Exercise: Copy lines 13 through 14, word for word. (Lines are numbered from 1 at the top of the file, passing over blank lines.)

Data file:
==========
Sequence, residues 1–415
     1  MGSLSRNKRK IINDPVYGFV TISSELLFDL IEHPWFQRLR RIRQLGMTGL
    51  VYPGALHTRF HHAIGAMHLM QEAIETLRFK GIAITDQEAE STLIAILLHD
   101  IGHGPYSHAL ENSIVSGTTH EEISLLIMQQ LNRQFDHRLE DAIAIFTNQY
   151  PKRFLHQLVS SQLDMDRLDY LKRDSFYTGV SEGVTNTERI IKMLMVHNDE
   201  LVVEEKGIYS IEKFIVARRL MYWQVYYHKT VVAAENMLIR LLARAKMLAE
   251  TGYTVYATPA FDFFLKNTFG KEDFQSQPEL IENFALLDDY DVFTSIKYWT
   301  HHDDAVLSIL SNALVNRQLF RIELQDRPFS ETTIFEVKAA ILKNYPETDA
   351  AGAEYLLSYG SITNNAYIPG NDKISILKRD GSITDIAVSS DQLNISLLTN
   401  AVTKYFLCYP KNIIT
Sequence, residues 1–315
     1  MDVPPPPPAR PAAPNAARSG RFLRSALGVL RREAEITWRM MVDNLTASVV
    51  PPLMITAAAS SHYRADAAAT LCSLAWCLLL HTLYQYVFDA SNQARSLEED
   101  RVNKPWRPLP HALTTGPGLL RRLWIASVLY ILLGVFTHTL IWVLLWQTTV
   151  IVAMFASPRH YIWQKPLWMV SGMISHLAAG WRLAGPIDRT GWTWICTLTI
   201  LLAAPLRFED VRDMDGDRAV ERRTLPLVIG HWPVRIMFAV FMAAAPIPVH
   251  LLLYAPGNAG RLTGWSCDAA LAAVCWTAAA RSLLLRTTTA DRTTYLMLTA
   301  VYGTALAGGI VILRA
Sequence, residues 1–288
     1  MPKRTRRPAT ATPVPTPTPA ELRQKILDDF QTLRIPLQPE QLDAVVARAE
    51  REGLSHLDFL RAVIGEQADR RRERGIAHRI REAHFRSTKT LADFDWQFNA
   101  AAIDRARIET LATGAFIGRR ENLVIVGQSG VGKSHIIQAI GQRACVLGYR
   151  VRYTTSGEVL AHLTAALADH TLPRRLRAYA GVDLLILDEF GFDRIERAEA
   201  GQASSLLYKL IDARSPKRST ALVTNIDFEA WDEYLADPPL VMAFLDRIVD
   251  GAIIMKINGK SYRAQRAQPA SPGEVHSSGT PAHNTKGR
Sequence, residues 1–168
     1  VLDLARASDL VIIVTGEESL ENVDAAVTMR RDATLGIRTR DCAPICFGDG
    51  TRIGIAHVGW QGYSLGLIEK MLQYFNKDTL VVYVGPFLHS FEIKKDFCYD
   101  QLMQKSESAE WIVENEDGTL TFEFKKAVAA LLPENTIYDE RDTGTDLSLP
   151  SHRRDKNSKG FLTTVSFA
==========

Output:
    51  PPLMITAAAS SHYRADAAAT LCSLAWCLLL HTLYQYVFDA SNQARSLEED
   101  RVNKPWRPLP HALTTGPGLL RRLWIASVLY ILLGVFTHTL IWVLLWQTTV